Why We Love the Botanic Gardens

My family loves to go to the Singapore Botanic Gardens, one of our island's most well-loved tourist attractions which draw about 3 million visitors annually. Its enticing mix of free admission, beautiful 52 hectare landscape, awe-inspiring greenery and thoughtful touches makes it a must visit for us. We always feel rejuvenated after our trips there.

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Our journey begins near the Visitor's Centre section of the Gardens. Most of the amenities are located near here.

The implementation of paid parking was a bane to some and a boon to others. For me, I like the idea of more parking spaces being available, even though I have to pay for it.

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On the way in, I spotted this Hippo Bus, which is an innovative topless Hop-On Hop-Off tour service. Its owner James Heng has been known to an envelope-pushing entrepreneur who recently won the tourism awards.

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The Visitor's Centre provides a nice shady spot to rest and prepare for the hike through the garden. Old-world style clocks telling the time of major cities around the world plus photographic exhibitions add a nice touch. Its ample seats are also useful, especially for the numerous parents with tots on prams.

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SBG's family friendliness is extended to its changing/ maternity room (which is very decent and comfortable I might add) as well as water coolers catering to visitors of different heights.

The rest rooms are almost an attraction in themselves...

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...and of course, we musn't forget that junior needs to wash his hands after his pee pee too!

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Cafe Les Amis has always attracted crowds of all ages despite its relatively pricey (though quality offerings). Foodies will know that its parentage - the Les Amis Group - is one of the top restaurant chains offering pristine fine dining experiences.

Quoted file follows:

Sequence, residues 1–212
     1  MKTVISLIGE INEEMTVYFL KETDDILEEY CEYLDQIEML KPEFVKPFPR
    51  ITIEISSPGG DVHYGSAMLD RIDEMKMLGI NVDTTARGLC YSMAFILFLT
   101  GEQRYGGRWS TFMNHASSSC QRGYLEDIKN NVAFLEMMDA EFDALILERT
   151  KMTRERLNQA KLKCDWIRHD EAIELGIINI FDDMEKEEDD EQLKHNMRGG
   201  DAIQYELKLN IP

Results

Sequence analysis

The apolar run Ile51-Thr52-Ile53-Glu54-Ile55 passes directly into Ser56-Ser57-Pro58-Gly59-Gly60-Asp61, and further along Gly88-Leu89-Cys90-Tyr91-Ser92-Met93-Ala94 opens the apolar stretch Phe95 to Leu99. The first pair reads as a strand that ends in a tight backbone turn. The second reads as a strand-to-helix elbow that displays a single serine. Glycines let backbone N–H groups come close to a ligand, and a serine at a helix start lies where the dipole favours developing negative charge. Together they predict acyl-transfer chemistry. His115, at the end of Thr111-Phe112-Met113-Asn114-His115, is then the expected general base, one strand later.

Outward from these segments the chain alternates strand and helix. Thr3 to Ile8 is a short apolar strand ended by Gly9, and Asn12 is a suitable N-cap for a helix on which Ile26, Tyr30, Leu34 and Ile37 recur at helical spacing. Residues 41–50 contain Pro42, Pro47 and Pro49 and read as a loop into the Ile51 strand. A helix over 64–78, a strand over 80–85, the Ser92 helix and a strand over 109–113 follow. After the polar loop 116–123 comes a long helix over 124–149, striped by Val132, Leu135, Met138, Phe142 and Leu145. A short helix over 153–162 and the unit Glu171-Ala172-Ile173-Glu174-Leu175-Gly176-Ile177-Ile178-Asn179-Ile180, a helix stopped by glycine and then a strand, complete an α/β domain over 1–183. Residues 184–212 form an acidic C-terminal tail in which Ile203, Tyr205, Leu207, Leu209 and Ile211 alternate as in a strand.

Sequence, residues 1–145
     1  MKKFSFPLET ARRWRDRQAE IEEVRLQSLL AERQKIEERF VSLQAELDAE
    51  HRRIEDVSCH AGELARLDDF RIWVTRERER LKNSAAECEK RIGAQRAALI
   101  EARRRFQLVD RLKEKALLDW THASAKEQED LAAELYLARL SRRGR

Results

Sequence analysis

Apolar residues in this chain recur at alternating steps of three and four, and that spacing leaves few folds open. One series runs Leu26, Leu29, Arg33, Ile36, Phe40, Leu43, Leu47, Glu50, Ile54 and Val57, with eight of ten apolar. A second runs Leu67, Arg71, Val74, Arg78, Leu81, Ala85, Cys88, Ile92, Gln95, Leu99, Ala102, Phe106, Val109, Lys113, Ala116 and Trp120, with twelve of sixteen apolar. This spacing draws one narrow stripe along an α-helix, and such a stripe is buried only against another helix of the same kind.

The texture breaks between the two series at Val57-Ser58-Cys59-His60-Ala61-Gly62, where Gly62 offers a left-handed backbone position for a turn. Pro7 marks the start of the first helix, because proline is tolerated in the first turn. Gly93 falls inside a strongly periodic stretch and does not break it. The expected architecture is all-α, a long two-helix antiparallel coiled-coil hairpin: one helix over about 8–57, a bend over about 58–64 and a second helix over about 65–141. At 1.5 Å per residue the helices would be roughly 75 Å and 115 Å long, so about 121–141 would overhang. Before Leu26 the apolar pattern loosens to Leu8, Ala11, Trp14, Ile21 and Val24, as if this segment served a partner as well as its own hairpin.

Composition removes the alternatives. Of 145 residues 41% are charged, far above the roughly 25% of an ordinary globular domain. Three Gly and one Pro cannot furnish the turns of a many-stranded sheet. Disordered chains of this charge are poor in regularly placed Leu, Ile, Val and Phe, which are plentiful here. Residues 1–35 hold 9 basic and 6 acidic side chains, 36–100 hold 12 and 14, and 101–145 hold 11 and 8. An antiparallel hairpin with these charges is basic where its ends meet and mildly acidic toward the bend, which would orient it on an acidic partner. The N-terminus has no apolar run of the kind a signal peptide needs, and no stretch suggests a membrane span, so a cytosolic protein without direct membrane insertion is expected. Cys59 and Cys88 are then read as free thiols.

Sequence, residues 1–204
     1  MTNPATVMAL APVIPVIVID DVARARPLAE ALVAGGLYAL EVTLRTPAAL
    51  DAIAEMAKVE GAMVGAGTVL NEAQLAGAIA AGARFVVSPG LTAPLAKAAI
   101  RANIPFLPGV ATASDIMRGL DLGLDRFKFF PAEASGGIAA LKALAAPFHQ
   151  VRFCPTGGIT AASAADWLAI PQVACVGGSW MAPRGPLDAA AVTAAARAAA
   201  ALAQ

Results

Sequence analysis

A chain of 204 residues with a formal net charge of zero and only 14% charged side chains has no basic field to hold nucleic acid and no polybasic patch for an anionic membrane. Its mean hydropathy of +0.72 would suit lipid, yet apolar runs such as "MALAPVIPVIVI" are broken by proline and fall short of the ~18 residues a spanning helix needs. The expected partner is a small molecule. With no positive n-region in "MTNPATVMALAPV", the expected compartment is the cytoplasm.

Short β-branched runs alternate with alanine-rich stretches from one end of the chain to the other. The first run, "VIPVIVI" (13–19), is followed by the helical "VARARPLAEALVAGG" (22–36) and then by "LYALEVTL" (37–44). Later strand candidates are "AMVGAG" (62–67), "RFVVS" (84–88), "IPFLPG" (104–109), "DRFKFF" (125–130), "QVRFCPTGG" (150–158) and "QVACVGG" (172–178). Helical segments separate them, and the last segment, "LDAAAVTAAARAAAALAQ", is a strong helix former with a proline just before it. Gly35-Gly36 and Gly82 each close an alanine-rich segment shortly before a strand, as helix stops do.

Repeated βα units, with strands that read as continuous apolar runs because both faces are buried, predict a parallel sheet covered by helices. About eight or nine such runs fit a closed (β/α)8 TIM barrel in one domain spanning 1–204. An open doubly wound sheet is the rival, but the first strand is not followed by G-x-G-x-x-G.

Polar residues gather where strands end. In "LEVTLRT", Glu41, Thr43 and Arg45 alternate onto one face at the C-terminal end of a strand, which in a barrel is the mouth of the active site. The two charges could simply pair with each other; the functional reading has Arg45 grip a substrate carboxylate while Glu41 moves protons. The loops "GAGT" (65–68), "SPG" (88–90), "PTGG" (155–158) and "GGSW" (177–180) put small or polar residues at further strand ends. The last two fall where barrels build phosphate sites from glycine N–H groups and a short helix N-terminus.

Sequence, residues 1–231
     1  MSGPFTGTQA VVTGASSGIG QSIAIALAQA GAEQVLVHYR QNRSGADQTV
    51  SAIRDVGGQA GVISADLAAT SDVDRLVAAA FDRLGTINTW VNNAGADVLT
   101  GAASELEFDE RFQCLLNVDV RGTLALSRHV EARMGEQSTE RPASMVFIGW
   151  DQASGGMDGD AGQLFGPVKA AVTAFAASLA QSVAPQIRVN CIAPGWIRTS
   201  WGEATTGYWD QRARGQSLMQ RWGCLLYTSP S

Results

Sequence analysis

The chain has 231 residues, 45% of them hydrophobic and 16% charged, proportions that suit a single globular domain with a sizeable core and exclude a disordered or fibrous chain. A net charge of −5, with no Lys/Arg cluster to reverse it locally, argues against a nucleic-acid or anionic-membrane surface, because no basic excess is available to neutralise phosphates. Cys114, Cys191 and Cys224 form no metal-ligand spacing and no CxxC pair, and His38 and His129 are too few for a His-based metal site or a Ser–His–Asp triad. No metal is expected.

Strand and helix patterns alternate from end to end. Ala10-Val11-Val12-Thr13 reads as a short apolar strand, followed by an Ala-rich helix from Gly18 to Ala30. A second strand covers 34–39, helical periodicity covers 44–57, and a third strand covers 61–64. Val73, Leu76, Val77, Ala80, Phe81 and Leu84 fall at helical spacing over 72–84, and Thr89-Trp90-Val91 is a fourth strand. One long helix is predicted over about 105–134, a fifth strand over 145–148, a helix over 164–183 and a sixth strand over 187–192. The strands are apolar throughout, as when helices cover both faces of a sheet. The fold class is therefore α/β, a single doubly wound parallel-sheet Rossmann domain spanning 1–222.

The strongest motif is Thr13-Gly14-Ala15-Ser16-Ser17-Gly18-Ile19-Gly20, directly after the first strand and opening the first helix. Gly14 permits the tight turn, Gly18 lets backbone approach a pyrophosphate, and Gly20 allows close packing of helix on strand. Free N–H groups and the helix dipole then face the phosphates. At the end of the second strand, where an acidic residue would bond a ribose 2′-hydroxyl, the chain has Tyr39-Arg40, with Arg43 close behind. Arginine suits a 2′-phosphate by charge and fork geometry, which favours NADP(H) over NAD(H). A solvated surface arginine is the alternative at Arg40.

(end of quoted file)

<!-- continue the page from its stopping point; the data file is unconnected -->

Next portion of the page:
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Directional signs are always an important component in any attraction. Try wandering around lost in the tropical heat and you know what I mean.

The sight and sound of cascading waters amidst the serene surroundings helps soothe the savage beasts instantly.

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For those botanically inclined (like me), you can read information panels telling you about the characteristics of various floral families and species.

Another breathtaking sight to behold, this time of the Palm Valley. This is our favourite hangout as it gives Ethan lots of room to run wild and play.

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What are Tina and Ethan looking at? And what is he throwing *gasp* into the water?

No prizes for guessing. The fishes and terrapins seemed ravenous and attacked every single morsel of bread thrown at them.

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Ethan next had some fun with a new bubble-cum-water-gun. Here he is intent on creating the most number of bubbles in a single chain...

...followed by "attack the mama and papa" with the water pistol. Help!

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On our way back, Ethan suddenly decided to take a walk up the Rainforest track. Apparently some of the trees here are more than a century old. And of course, please don't introduce damaging alien species that will disturb the balance of its eco-system.

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On our way up, we spotted this intrepid guide (likely a volunteer) who was sharing with the group about the habits of the Cicada, a fascinating insect that spends 10 over years underground as a nymph before emerging for only a couple of weeks as a winged adult. Of course, its shimmering song is unmistakable in any tropical rainforest.

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Somewhere along the jungle track, Ethan decided to take his cap off to the gardens - literally. Hot, sweaty but happy. I guess that's what we all felt.

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